How to deal with multinationals to develop your idea
Posted 3 years ago
Collaborating with a larger organisation can be a shorter route to get your idea onto the market sooner.
I’m the interim CEO of a start-up company that finalised two big dollar deals with multinationals before the technology was verified through our own proof of concept program.
Two key factors helped.
Firstly, our platform technology has useful characteristics for working across a range of products.
Secondly, a number of multinationals operate in the sector around the world, so it’s highly competitive and desire for a technologically sharpened edge is strong.
I’m often asked how these deals (and others) were achieved, so here are five pointers from what I’ve learnt about working with multinationals over the past decade (note: this is from the perspective of a new product or service technology, or an idea that is new to market).
1. Understand how multinationals operate: The bureaucracy within multinationals rivals that of many governments. Restructuring is often as problematic (from an external engagement perspective) as a change in government. Plus, you need to understand how the particular multinational that you are targeting assesses and adopts new technologies. This may seem obvious but not, apparently, to many inventors/entrepreneurs. Instead, they seem convinced that a multinational is going to drop everything to adopt their new product or service based on the idea or pitch alone. Such a response is, in fact, as rare as unicorns.
2. Get to know the technical people: What impact will your technology have on the technical people already working in the company? Are they already working on an internal solution? Is what you are proposing going to have a major internal cost? Could your technology put them out of job? Often one of the key requirements to gain traction within a multinational is for the technical people to be fully on board.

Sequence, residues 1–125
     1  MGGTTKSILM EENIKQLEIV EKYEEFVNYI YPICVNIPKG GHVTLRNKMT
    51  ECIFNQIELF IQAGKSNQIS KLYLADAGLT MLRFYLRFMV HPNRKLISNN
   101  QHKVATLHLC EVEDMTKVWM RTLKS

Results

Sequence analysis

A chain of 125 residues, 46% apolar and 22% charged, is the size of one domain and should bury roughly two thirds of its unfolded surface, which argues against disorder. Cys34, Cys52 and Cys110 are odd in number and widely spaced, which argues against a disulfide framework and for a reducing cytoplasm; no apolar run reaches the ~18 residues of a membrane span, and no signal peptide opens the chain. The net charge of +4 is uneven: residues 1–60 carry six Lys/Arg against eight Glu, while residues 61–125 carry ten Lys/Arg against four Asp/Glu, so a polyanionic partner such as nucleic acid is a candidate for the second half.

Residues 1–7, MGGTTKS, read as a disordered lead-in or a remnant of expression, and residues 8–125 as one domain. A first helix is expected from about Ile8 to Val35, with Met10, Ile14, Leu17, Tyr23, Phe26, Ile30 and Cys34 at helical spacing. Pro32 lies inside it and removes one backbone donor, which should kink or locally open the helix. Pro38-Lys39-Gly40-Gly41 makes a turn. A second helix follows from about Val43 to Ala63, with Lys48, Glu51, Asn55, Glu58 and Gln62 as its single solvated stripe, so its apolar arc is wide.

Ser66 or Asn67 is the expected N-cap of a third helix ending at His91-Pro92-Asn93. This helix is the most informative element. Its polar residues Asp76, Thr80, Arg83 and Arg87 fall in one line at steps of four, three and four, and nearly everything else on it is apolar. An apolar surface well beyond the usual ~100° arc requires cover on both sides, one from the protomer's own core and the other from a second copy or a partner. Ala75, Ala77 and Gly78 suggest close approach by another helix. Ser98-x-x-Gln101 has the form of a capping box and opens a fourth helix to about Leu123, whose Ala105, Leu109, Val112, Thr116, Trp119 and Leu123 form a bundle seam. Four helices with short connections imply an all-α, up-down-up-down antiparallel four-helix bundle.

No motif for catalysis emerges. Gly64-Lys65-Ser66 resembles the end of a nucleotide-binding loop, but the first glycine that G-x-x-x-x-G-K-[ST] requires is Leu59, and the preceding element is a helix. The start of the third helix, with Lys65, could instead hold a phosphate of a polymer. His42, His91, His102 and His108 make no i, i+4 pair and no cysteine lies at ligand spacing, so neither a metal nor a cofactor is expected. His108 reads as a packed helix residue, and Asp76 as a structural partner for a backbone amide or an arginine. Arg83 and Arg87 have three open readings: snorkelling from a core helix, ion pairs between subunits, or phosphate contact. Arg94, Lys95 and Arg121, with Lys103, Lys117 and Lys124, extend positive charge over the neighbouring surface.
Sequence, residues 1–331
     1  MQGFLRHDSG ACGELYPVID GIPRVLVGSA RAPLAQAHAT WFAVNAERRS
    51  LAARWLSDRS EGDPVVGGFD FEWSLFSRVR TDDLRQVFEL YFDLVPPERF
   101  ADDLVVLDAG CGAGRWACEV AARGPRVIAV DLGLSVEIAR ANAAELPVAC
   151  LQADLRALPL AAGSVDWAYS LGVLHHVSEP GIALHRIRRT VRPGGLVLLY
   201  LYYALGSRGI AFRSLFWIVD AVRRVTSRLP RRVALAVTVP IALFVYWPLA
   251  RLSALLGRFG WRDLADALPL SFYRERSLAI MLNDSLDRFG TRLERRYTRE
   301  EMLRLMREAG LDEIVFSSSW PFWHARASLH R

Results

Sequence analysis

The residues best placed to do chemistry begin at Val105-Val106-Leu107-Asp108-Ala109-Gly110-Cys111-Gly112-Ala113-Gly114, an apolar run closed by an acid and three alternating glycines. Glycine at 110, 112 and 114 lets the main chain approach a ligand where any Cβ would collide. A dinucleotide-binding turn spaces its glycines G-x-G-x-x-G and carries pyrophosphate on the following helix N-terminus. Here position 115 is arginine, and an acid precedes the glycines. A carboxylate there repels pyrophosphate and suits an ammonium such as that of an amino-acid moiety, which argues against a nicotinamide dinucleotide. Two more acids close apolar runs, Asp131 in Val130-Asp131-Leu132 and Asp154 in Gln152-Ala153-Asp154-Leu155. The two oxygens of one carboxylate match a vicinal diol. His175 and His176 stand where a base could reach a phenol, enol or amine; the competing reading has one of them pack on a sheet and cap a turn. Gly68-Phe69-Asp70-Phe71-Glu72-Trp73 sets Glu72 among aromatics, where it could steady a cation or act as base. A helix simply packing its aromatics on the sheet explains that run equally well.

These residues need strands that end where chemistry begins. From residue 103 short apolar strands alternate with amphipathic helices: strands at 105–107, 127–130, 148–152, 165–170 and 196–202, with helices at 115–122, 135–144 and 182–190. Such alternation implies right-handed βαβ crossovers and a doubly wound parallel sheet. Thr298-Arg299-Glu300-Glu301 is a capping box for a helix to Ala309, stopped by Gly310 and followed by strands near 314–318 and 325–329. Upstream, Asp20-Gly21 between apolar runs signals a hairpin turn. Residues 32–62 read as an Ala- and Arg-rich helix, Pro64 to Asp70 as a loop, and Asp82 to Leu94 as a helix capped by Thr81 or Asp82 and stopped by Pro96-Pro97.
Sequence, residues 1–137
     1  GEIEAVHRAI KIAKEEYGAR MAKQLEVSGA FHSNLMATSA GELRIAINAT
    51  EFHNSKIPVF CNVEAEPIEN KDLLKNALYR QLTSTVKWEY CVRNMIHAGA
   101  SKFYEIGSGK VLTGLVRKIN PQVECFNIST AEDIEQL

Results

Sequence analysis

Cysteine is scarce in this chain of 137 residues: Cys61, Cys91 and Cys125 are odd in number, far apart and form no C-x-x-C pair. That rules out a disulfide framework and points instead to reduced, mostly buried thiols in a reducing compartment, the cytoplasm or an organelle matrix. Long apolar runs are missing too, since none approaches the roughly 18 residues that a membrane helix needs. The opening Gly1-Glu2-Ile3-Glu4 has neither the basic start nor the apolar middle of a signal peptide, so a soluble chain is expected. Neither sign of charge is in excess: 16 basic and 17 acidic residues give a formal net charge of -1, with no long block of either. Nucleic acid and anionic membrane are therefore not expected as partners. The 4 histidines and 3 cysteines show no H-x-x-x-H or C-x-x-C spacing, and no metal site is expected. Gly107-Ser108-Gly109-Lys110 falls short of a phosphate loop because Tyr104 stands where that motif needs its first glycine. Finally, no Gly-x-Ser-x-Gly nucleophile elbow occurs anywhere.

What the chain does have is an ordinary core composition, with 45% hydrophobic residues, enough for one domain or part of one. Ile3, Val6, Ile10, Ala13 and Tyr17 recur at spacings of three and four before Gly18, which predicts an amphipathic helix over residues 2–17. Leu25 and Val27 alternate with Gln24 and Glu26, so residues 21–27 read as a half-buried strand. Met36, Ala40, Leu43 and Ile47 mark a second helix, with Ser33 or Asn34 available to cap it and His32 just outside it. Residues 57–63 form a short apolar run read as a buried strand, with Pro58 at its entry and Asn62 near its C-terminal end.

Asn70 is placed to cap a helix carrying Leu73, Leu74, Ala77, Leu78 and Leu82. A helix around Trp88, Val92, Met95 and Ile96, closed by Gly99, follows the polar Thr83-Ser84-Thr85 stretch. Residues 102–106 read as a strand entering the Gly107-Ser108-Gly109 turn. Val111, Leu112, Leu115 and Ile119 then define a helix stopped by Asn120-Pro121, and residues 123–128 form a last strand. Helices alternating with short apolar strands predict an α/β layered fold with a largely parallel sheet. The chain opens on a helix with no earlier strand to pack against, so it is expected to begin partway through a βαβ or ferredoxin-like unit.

3. Understand budget cycles: Innovation owners often equate multinationals with multimillion dollar resources. Sure, they generally make decent profits out of existing products and services; but it’s essential to understand how they mobilise resources to assess, access or in-license new products, systems or services. These budgets are often small and already allocated. Asking questions about budget allocation processes always helps to identify how you can both work for mutual gain.
4. Inform before you sell: Another trap we often see is the technology or idea owner trying to sell the concept from the outset. Often a better approach is to first focus on information sharing and understand decision-making in that company. If you can develop a relationship with a few key people who know what you are doing, you’re on your way to start more serious selling discussions (hot tip: it’s also a means for gaining some internal intelligence on process before you start pushing the financial exchange).
5. Be patient: Getting very edgy about how long these deals take won’t speed them up. Understand that if you get a deal finalised within six months, you’ve done very well and will have your own success lessons to share.
Impact Innovation helps Australian businesses connect with global companies to advance new technologies. We also scout new technologies for multinationals. If these are services you need, contact us.
– Brian Ruddle, Managing Director